King of Clay, Hard Courts & Comebacks

Sep 16, 2013 by

Old 67 Would like to welcome Emily Love to the site.  She’s a friend of Old 67 through Twitter, and stepped up to provide a piece on Rafa.  She’s 21, English and an avid ATP fan.  Thanks for contributing Em!

Rafael ‘Rafa’ Nadal, the Spanish number one, and current world number two, has shocked the tennis world by staging an impossible comeback. The Spaniard returned to the courts, after seven months out due to chronic knee injury.  Neither he nor the tennis community had high expectations. Clay, being his favourite and most successful surface, was an obvious start for his return to the sport. He re-entered the tour during the South American swing, to keeping a lower profile and seeing how his knee was responding to the game. Surprisingly, he made the final of his return tourney in Chile and went on to win two titles on the red stuff, Sao Paolo and Acapulco. It seemed his knee was responding well to his return, but the biggest test was yet to come, the hard courts…

Nadal had amassed previous victories on the hard courts experiencing greater success than most players do their whole careers, winning both the US Open and the Australian Open before taking his injury lay off. However, the surface exacerbated his injury, putting a lot of strain on his knees. It was for this reason primarily that fans and fellow players alike were unsure and full of anticipation for how the Spaniard might react to the harder surface. Nadal, in humble fashion did not disappoint claiming his first Masters 1000 event of the year on the hard courts of Indian Wells. Not only was this his record breaking twenty second Masters title, but it also proved he was well on his way to full recovery and would be a force to be reckoned with on his favourite surface for the European clay court season…

It would seem a regrettable failure would not be far away for Rafa, following so much unprecedented success and a loss at Monte Carlo, where he had for so long been victorious (eight years consecutively), was such a defeat. His rival, Novak Djokovic, claimed the title and put an end to the hold Nadal had on that particular Masters crown. However, the momentum did not stop with that. Rafa went on to claim Barcelona in straight sets and win his twenty third Masters title in Madrid and yet another Masters in Rome. To stamp his name on the summer of 2013 he topped off the season by clinching yet another Roland Garros title, defeating Djokovic for the trophy and some sweet revenge. To return to a title here and there would have been impressive, but to come back to the tour and claim several Masters Tournaments and a Grand Slam title within a few months showed that Nadal was not going to let his injury get the better of him.  It also showed his future opponents his passion for the game and enthusiasm to win was as strong as ever.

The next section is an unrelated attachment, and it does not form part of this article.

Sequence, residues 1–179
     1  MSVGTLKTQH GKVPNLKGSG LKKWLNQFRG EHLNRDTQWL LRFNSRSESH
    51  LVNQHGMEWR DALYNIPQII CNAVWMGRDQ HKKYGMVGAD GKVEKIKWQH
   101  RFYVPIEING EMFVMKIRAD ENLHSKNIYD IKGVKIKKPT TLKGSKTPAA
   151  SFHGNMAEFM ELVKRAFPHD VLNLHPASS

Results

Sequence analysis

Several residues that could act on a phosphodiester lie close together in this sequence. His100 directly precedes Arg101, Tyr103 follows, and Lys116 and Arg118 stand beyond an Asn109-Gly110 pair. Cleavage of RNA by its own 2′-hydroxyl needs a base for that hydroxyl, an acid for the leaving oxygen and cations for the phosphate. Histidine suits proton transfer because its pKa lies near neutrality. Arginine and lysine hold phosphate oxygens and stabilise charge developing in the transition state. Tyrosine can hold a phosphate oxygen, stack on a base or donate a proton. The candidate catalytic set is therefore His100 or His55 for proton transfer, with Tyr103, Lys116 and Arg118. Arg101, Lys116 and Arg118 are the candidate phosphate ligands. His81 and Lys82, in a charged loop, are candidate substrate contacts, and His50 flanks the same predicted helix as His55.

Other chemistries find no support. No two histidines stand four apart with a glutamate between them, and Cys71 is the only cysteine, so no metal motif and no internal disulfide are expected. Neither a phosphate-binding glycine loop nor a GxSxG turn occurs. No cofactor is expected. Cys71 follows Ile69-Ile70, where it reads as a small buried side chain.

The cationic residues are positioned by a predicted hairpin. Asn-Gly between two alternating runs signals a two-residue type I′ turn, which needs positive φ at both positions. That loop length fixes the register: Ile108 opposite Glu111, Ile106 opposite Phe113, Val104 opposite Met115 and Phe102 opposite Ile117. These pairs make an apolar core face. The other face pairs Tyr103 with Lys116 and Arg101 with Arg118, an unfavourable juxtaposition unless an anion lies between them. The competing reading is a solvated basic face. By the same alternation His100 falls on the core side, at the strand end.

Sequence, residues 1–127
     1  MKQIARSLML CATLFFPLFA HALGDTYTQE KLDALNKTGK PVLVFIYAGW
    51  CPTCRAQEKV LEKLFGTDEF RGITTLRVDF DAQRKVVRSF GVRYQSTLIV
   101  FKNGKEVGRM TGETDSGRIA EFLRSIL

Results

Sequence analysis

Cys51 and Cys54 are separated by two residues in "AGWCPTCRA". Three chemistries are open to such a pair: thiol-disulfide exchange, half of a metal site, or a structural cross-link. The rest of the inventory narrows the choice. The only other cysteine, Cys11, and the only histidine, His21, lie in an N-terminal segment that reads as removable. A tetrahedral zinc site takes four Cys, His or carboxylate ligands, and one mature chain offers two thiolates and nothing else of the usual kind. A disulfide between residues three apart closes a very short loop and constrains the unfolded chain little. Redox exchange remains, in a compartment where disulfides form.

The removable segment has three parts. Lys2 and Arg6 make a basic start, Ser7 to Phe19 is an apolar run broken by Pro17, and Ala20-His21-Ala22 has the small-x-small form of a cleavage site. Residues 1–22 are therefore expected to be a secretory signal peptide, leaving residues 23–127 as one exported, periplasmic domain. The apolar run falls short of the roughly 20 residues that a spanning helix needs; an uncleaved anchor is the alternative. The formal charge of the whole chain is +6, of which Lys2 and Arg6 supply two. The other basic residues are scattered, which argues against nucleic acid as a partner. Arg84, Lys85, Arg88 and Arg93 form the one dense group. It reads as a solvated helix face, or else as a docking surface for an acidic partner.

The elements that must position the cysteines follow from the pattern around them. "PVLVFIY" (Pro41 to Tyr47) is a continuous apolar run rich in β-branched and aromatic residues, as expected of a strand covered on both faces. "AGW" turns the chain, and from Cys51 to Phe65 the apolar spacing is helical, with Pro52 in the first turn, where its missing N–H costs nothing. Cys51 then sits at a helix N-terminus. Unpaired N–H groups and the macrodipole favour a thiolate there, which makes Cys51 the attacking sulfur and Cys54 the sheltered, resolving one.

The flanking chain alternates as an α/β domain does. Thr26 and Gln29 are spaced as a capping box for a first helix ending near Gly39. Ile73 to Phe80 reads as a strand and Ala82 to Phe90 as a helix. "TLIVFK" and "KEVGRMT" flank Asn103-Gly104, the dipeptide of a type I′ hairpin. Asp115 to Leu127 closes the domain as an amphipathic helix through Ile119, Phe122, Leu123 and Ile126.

If the clay court season was the highlight of his return so far, the grass court season was a bit of a wash out. Nadal’s game has never truly suited the grass courts – he has had to battle his way to claim the Wimbledon titles he has and, compared with the clay, had had little success to talk of on grass courts otherwise. However, Nadal returned to SW19, a year after his withdrawal from the tour due to his injury, with no expectations. Rafa was hesitant to bend his knees on the low bouncing surface and as such suffered a first round loss to Steve Darcis of Belgium. Many now wondered if his success would only ever come again on clay. The American hard court season would prove or disprove this theory…

Rafa took a seven week break after Wimbledon to prepare for the final season of the year and the final Grand Slam. After the hardship his knee suffered in Wimbledon this was clearly a sensible choice and he returned with more fire than ever. Sending shockwaves through the tennis community, the Spaniard made it to the final of Montreal and managed to defeat the home favourite, Milos Raonic, to claim the title and his twenty fifth Masters trophy. He now looked a strong contender for the rest of the season and was closing in quickly on the US Open title and, to add further injury to Djokovic, the year-end number one. Rafa moved on from Montreal and jumped straight into another Masters event, Cincinnati, where he claimed his twenty sixth Masters title. This time he defeated the huge server, John Isner, displacing yet another underdog favourite for the US Open. He entered the US Open undefeated on the hard courts in 2013 and was the bookies favourite for the title. How right they were, Nadal clinched another Grand Slam trophy and once again defeated Djokovic. Rafa was playing the best tennis of his life and the emotion at this victory was clear in his post-match presser. “Means a lot for me have this trophy with me today, no?  Is just amazing.  Very, very happy, and just thank you very much everybody who helped me to make that possible.”

Where the Spaniard could climb from here, it is hard to say. But one thing is certain; he has well and truly come back. There is no doubt in my mind he will return to world number one and will defend many of his points next year, to defend every title he won this year however seems a bit of a stretch. I foresee, and hope, he can claim back Monte Carlo next year and go on to win yet another Roland Garros. There is no one currently who can dethrone the King of Clay at the French Open, but with this sport, as we often see, anything is possible. For Rafa now, he has proved himself and come back stronger than ever.  If he continues to play with such passion, enthusiasm and confidence, there is no reason why he could not equal or surpass Roger Federer’s Grand Slam record of seventeen and go on to claim more and more Masters titles. Watch out tennis world, Rafa is back!

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